After a strong oral observation from India in round one of the verbal discourse at the International Court of Justice, Pakistan reiterated its old stand on Kulbhushan Jadav case on Monday, stating that India's application was "unnecessary and misconceived" and must be dismissed.
India using ICJ as 'stage for political theatre': Pak
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Mohammed Faisal of the Pakistan Foreign Office, who opened Pakistan's observation, in his opening statement, remarked that India had been unable to provide an explanation for Jadhav's passport which bears a Muslim name. "India has been unable or perhaps more accurately unwilling to provide an explanation for this passport which is the most obvious indication of covert and illegal activity," he said.
Faisal labelled India's attempts to draw international attention towards the death sentence awarded by a Pakistani military court as mere drama and alleged India of using the ICJ as a stage for "political theatre". "Pakistan will not be cowed by terrorism, nor will it allow any attempt to malign or misrepresent its position or legal processes to go unchecked," Faisal said, adding that Pakistan "will not respond in kind".
There has been deafening silence and no response from India on Pakistan's accusations on Jadhav, Pakistan's lawyer Khawar Qureshi told ICJ. He urged the court to dismiss India's application on three accounts: first, there was "no urgency"; second, the relief sought was "manifestly unavailable"; and third, the jurisdiction under the Vienna Convention was not "as unchallenged" as India has suggested.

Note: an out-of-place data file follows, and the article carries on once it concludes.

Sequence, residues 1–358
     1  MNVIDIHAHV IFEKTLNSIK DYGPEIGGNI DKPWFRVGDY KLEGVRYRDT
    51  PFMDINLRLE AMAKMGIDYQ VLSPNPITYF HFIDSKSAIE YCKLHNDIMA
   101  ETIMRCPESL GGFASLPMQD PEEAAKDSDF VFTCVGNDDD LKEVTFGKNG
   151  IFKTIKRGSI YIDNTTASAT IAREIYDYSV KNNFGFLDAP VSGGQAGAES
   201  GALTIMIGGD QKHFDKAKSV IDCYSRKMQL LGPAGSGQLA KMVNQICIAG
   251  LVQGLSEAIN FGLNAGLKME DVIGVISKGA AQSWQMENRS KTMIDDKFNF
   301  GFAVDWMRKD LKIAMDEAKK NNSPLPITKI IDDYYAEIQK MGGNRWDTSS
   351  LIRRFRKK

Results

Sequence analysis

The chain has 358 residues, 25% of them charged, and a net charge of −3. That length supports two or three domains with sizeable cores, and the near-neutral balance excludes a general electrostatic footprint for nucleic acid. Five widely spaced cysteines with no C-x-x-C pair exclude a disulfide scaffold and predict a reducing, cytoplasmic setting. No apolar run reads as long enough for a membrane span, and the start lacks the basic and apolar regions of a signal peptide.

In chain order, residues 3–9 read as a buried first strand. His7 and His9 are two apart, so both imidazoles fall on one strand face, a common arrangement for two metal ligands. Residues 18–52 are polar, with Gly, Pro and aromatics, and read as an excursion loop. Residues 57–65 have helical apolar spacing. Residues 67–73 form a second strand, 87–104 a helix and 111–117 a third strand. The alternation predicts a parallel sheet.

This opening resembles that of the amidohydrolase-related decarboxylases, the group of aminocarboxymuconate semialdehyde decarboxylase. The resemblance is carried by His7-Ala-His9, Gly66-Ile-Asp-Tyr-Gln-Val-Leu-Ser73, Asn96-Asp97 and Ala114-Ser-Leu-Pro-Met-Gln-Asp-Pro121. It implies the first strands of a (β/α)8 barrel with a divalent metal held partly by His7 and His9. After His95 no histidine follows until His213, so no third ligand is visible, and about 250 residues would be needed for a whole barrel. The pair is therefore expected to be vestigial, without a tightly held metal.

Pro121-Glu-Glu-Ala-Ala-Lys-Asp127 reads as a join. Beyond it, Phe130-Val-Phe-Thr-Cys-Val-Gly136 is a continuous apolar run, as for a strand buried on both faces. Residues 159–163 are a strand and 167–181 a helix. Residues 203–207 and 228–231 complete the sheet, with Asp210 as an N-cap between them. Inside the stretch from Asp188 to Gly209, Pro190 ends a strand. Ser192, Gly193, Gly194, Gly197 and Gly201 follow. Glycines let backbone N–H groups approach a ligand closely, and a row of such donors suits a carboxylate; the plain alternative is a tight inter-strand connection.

In his 45-minute reply to Indian counsel Harish Salve's observations at the ICJ, Qureshi said that India’s plea for invoking provisions of Article 36 of the Vienna Convention is not relevant in this case because the issue was not urgent and claimed that Jadhav faced "no real harm".
Qureshi said that India’s plea for invoking provisions of Article 36 of the Vienna Convention is not relevant in this case. "The Vienna convention article 36 which adopted to set up standards of conduct particularly concerning communications and contact with nationals of the sending state which would contribute to the development of friendly relations among nations...the observation we made immediately is this is unlikely to apply in the context of a spy send by a state to engage in acts of terror."
"Indeed, it is clear from the Vienna conventions that there are provisions beyond article 36 that need to be considered before coming to the court with the bold assertion that the Vienna is interrelated regime," Qureshi said.
In its oral observation, Pakistan defended not providing counsular access to Jadhav stating that Pakistan was under the threat of spying, espionage and possible acts of terror being planted by India. In that sense giving consular access to the officials of that state itself is a grave violation of Article 36 (1) (c) of the Vienna convention, it said, according to News18.
Pakistan also quoted Article 55 of the convention which states that there should be no interference in the internal affairs of state when it's a victim of spying and possible acts of terror.
According to the report, Pakistan also quoted the Avenna case stating that a state which wishes to be granted consular access has the onus upon them to prove that the person whose right is being violated is a national of the applicant state. "But in this case, India did not even provide a birth certificate to prove Jadhav's nationality and did not even come forward to explain his passport. This is a clear violation of a proposition laid down by an ICJ case," it added.
Qureshi also claimed that Jadhav was given 150 days to clarify himself and argued that the ICJ must not give relief to the alleged Indian spy.
As Firstpost had reported earlier, Pakistan's argument rested on the merit of the case rather than the technicality that India raised while seeking relief for Kulbhushan Jadhav.
With agency inputs
Updated Date: May 16, 2017 01:30 AM